There is an indication, however, that shortly after the seizures, Defendant's father put the Government on notice that he was participating in his son's defense. Presuming that Elijah Pearson's December 2, 2005 letter reached the United States Attorney's Office the same day that it reached Judge Mordue's Chambers (December 6, 2005), the Government was on notice from that day forward that privileged material might be contained on the seized computer material. Even accepting this proposition, however, the Government's actions since December 6, 2005 have served to ameliorate any prejudice that might otherwise have befallen Defendant. AUSA Spina acted appropriately in sealing Defendant's notes upon reviewing them, see United States v. Weissman, 1996 WL 751386 * 12 (S.D.N.Y. 1996)(Intrusion not intentional where AUSA had no idea what the file contained until information had fallen into his hands and he read the privileged memorandum), and creating a "taint team" to prevent the prosecution from gaining any advantage from the review of any potentially privileged material.

In addition, the Government indicates that it does not intend to offer any evidence from the December 1, 2005 seizure other than any sexually explicit images of the minors possibly contained in encrypted files and the videos contained in the "Case18Clips" folder. Sexually explicit images of minors (if they exist) and videos of women stating their ages do not constitute attorney-client material and, therefore, are not protected even assuming they were found in files marked "privileged," "confidential," or "attorney work product." See United States v. Pelullo, 917 F. Supp. 1065,1077(D.N.J. 1995)("While Pelullo may not have waived a privilege claim, the manner in which he packaged and warehoused his vast array of documents created conditions which negate his charge that the government deliberately seized documents which it knew to be privileged."). Given the information tending to indicate that Defendant was contemplating manipulating the re-acquired videos of the minor victims, the "Case18Clips" folder is exempted from the protection of the attorney-client privilege under the crime-fraud exception. See In re John Doe, Inc., 13 F.3d 633, 636 (2d Cir. 1994).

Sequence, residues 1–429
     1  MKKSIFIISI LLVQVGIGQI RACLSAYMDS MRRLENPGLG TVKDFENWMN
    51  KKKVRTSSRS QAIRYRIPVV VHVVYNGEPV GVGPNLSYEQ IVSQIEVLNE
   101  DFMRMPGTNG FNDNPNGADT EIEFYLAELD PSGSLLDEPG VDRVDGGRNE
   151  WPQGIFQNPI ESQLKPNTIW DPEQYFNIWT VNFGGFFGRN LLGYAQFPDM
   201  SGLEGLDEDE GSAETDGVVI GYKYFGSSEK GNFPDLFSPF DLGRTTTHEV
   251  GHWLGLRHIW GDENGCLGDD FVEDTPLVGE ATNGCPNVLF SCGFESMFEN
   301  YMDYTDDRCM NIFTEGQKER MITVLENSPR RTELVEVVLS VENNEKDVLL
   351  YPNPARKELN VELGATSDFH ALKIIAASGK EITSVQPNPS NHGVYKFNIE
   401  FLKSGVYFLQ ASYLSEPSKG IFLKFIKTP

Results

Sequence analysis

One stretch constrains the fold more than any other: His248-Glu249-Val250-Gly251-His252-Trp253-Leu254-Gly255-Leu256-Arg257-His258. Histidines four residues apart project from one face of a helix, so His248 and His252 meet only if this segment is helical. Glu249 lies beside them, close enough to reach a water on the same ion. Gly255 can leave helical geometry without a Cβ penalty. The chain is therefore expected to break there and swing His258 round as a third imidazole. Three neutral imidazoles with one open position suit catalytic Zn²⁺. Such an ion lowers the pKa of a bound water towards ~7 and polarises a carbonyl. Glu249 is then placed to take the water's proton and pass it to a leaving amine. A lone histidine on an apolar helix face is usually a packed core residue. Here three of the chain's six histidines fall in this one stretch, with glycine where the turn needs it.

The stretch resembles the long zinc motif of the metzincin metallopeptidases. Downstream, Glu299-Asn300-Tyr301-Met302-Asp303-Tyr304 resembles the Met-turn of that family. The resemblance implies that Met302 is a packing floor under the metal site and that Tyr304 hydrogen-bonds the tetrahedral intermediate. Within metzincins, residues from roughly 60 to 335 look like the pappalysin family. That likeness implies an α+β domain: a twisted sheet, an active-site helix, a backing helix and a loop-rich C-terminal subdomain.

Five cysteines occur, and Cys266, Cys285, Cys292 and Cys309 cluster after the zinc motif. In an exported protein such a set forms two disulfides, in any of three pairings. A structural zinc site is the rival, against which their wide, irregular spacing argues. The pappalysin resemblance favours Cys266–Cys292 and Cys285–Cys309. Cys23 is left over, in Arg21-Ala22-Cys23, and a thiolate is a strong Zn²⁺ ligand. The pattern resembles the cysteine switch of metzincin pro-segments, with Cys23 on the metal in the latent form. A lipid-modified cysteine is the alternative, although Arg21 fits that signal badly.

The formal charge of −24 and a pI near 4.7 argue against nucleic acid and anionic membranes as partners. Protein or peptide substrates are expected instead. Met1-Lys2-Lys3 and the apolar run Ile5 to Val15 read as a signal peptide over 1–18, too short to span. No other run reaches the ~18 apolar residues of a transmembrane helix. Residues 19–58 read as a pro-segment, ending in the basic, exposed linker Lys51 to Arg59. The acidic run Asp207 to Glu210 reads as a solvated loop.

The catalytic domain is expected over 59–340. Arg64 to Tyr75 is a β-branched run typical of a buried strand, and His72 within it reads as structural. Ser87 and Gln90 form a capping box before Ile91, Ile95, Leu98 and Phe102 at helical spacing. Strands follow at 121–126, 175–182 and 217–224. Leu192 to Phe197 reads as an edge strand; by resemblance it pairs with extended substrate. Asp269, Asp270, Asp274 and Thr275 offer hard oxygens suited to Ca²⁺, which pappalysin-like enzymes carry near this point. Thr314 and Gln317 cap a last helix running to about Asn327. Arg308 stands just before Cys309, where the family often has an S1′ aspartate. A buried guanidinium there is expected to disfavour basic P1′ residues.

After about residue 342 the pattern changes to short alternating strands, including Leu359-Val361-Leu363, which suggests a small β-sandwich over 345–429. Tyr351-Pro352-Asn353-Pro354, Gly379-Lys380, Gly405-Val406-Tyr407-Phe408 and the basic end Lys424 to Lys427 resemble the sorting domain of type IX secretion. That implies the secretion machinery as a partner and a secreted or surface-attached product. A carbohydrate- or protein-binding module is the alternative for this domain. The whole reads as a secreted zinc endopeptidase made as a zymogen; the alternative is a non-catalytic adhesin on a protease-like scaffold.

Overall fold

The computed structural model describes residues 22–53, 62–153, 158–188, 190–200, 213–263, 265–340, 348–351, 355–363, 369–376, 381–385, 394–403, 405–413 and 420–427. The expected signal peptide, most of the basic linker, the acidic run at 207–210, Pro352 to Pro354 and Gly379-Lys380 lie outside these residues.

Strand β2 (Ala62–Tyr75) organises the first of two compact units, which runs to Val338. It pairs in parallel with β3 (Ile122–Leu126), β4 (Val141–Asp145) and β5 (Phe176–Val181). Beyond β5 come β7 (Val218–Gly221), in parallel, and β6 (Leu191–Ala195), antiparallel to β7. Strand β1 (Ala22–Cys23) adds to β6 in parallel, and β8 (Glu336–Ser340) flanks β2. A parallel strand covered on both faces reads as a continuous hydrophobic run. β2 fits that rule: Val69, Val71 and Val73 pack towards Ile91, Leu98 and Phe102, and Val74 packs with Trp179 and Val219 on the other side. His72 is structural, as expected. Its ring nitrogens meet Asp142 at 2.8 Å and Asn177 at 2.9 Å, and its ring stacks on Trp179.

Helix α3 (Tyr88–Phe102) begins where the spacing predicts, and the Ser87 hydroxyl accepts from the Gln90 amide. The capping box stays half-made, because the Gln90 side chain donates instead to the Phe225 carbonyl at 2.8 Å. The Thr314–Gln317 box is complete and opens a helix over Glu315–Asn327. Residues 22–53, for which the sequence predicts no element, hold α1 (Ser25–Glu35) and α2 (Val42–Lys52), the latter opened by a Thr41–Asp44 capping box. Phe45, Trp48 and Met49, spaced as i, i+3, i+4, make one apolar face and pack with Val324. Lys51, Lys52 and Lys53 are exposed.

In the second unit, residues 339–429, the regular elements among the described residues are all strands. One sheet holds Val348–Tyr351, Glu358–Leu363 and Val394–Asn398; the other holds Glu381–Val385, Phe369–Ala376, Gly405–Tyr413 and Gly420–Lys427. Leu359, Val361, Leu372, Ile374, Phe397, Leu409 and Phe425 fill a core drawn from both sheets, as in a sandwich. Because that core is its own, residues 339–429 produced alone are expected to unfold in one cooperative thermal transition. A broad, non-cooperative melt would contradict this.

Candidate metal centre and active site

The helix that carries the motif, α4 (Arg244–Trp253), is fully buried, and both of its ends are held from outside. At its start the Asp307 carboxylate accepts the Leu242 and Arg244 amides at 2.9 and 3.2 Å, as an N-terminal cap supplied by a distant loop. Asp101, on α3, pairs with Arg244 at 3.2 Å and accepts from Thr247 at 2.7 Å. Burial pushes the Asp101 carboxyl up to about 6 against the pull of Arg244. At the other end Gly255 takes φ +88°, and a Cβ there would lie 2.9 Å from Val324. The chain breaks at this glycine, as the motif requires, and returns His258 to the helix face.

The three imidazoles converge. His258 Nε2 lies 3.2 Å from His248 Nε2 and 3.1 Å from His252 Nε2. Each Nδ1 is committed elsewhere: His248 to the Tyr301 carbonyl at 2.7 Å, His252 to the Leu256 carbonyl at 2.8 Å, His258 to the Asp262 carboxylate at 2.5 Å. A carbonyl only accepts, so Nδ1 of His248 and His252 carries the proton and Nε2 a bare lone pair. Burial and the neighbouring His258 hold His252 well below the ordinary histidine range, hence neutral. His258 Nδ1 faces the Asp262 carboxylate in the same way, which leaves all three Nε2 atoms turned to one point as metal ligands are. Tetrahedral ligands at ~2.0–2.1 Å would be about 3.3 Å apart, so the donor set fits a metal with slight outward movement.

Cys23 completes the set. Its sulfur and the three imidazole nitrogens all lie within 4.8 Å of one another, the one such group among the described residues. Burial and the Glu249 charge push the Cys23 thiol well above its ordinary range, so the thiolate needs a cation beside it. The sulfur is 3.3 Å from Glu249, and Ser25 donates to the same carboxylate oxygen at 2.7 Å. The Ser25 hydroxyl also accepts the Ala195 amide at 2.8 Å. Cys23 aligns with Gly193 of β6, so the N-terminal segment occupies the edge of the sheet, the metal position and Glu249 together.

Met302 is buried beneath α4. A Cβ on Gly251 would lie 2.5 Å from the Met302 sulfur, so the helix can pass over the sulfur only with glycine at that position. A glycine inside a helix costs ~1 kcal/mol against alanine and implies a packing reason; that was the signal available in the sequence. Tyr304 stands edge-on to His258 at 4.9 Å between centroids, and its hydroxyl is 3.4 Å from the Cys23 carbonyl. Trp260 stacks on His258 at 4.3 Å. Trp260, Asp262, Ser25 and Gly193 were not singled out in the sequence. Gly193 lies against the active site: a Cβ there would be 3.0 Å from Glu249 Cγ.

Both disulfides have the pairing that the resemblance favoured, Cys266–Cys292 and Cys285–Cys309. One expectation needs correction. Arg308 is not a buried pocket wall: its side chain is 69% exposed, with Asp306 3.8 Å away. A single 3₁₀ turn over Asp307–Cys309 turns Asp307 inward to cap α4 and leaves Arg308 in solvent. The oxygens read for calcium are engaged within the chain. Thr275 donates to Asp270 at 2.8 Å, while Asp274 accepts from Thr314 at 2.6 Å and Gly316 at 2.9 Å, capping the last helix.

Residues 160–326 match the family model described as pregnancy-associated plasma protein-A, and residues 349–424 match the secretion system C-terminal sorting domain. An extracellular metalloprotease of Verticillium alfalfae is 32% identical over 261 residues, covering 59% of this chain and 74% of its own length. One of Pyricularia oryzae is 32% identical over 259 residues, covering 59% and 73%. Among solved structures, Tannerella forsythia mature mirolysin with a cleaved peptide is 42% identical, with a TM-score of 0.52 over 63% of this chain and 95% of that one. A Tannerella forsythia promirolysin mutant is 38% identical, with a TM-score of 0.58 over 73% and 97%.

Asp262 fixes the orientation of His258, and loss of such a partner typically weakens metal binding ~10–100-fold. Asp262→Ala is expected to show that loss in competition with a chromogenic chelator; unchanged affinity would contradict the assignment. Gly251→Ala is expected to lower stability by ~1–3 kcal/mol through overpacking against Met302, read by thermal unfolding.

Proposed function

Further, even assuming, arguendo, that there was an intentional violation of Defendant's Sixth Amendment rights, there is no per se rule requiring dismissal of the indictment. "[A]bsent demonstrable prejudice, or substantial threat thereof, dismissal of the indictment is plainly inappropriate, even though the violation may have been deliberate." United States v. Morrison, 449 U.S. 361, 364-65 (1981). In order to establish demonstrable prejudice, or the substantial threat thereof, it must be shown at the very least that the confidential information was used for the benefit of the government or the detriment of the defendant. See United States v. Bishop, 701 F.2d 1150, 1156-57 (6th Cir. 1983)(actual use of notes by prosecutor drafted by defendant to his attorney, at his attorney's request, to cross-examine the defendant at trial constituted demonstrable prejudice). Mere exposure of the government to privileged materials is insufficient to warrant relief. See Schwimmer, 924 F.2d at 443 ("[M]ere 'tangential [ ] influence ... [that privileged information may have on] the prosecutor's thought processes in ... preparing for trial' [is] not an unconstitutional use."); cf. United States v. Rivieccio, 919 F.2d 812, 815 (2d Cir. 1990)(To the extent government's thought processes or questioning of witnesses were influenced by defendant's immunized grand jury testimony, any such use was merely tangential and was not a prohibited use in the defendant's prosecution); United States v. Noriega, 764 F. Supp. 1480, 1489 (S.D.Fl. 1991)("Yet the simple fact of communication [of the privileged information to the prosecution] is insignificant for Sixth Amendment purposes if there is no gain to the prosecution or adverse impact on the defendant as a result.").